Tales from the GR36 Walking Route in the South of France
“Je suis ravie de rencontrer quelqu’un”.
Marie d’Arles smiled out from beneath her poncho. Despite her petite frame, she was no lightweight. Marie was undertaking the full 752 km Via Podiensis, all the way from Le Puy to St. Jean Pied de Port, at, as she put it, “20 km par jour”.
It’s early autumn and the glorious walking tracks of France are empty. These extraordinary routes are not like our local walking loops, where the vast majority of people are out for a one-hour stroll. These are great linear pathways, where the only hikers are either enjoying a walking tour for pure pleasure or are dedicated to the impressive goal of one day reaching Santiago de Compostela.
We had a nice chat, me explaining to her how I lived for four years just up the road from her beautiful hometown of Arles. We joked about the local festivals I spent years attending, but this wasn’t a day for standing around too long. As we parted, I glanced over my shoulder at her, jealous of the mammoth undertaking she was clearly enjoying.
The poncho-wearing weather had curtailed our meeting. Constant rain accompanied us that day. Not that it could dampen the spirits of those who trod these gorgeous tracks. Any Irish person indifferent to the charms of km after km of oak-dominated native, mixed and healthy woodland would need a zap of the nearest defibrillator.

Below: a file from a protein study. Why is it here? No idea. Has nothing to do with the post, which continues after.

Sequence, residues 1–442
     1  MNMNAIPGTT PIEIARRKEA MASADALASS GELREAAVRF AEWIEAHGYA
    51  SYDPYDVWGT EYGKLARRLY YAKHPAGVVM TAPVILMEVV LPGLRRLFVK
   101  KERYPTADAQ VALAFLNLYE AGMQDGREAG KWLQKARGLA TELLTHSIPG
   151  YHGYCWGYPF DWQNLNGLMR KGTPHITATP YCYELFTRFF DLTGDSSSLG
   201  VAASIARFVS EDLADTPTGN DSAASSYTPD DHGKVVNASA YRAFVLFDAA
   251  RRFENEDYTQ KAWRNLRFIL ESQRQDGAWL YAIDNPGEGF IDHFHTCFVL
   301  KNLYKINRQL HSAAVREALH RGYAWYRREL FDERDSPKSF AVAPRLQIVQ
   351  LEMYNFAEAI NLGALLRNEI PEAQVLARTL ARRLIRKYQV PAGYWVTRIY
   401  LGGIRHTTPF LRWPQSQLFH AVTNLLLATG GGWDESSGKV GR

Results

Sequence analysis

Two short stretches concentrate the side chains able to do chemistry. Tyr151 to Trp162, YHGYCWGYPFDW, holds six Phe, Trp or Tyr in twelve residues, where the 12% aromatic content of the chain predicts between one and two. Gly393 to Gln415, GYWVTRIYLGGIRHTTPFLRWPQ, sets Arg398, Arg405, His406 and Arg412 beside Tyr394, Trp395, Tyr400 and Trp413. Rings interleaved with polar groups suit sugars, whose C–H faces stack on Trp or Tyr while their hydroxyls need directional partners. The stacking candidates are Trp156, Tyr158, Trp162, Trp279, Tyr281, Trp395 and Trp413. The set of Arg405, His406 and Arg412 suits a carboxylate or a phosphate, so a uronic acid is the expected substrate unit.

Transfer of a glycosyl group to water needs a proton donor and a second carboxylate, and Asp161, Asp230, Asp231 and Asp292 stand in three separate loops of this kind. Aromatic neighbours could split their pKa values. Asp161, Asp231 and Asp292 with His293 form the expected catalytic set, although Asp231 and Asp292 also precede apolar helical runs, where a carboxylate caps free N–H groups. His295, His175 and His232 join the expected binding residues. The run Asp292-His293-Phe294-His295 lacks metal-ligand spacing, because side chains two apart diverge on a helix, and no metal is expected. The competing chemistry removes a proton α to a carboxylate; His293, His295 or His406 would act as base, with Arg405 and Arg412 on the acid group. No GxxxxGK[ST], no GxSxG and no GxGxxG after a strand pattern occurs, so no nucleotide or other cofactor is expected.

It was l’écureuil that welcomed me back to the big river, by pausing half way up his tree so we could have a good look at each other. This typical red squirrel behaviour afforded me the chance to note how dark his coat appeared, compared to that of his Irish cousins.
Les tournesols stood like sentinels to a lost leader. Drooping, blackening, falling, rotting; they looked like they were waiting for a harvester who had forgotten to come. In fact, sunflowers go brown / black before being harvested, although whoever had the job of gathering the seeds here was clearly a little late. The birds had already eaten half of them.
The sweet corn just across the narrow little-used road and the vines further along looked the same, as if they too had been neglected. The once luscious red grapes looked like they were definitely past their “best harvest” date.
Rural de-population is a huge issue in France, certainly even more so than here in Ireland. Today’s youth equates “la France profonde” with the older generations living in tiny villages with few services or none.
The southern French raptor population is in a far more healthy state than its Irish cousins. While at home a sighting is still a special occurrence, immediately followed by a crushing fear that some other less benign observer may have laid eyes (and crosshairs) on the magnificent bird, in the south of France these beauties are commonplace.
Today, we were restricted to enjoying their evocative calls from deep within the oak forest. With rain falling, no self-respecting buzzard, kestrel or kite would bother to open his wings and rise out of the branches. Still, even their sound is a treat and reminds me that there are plenty more magnificent creatures on this earth than us humans.
“Ni le ciel ni la terre ne nous appartient.”
Neither the sky nor the earth belongs to us.
Tales from the GR36 walking route
If these simple little tales from the GR36 walking route inspire you, or you’d like to create your own, then why not join our small group walking holiday to this wonderful part of France during May each year.